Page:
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The Democratic Strategist

Political Strategy for a Permanent Democratic Majority

Democrats: unity was absolutely indispensible for our recent victories but Dems also face divisive issues they must debate. It is therefore vital Dems figure out how to maintain maximum unity even as they disagree. Here’s where to start.

A TDS Strategy Memo by Ed Kilgore, James Vega and J.P. Green

The Democrats recent victory in the October standoff with the GOP over the shutdown and debt ceiling would have been impossible without the absolutely firm and unbreakable unity that was displayed by every sector of the Democratic coalition. You can choose any adjective you want; “vital,” “indispensable”, “critical,” “essential.” The contribution of Democratic unity to that victory simply cannot be overstated.
The source of this unprecedented unity is not a mystery. It was created by an unprecedented threat – The GOP strategy of hostage-taking and political blackmail not only presented a profound menace to all progressive priorities but also to the basic norms and institutions of American democracy itself.
As the Democratic coalition and community looks to the future, however, there is a quite different challenge that the coalition must also prepare to confront: Democrats will soon have to begin debating important and deeply divisive issues about the Democratic platform and message for 2016 and beyond. These intra-Democratic debates will set the stage for the more public disputes that will emerge during the next presidential primaries.
The critical challenge Democrats face is this: How can Dems energetically debate their differences while at the same time still retaining a sufficient degree of unity to maintain a united front and “hold the line” against the profound Republican threat?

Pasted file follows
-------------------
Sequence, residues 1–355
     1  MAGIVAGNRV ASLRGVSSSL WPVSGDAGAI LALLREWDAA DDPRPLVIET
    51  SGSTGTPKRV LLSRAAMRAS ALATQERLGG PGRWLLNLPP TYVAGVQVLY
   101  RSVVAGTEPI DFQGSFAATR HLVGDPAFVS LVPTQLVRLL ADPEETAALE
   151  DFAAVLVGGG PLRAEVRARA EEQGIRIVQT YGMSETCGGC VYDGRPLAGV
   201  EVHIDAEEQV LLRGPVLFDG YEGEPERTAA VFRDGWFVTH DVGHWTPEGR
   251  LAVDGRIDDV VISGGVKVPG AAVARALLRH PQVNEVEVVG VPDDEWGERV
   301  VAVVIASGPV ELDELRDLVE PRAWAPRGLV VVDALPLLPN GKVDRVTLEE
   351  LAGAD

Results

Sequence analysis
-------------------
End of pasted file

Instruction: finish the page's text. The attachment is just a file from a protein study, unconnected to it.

Two Avoidable Obstacles to Democratic Unity
As a starting point for confronting this challenge, it is essential to note that there are two important ways in which Democrats unnecessarily intensify and exacerbate conflict within their coalition.
First, Democrats unnecessarily magnify conflicts within the Democratic coalition because of the particular methods and the forums for debate that they use when they conduct intra-party discussion.
Second, Democrats unnecessarily intensify conflicts within the Democratic coalition because they often fail to distinguish between disagreements over political strategy from those that involve disagreement over basic goals and principles.
Dealing with these two problems will not provide a complete solution to the problem of maintaining Democratic unity but recognizing and confronting them can materially improve the situation. Let us consider the two issues in turn.
To read the memo, click HERE

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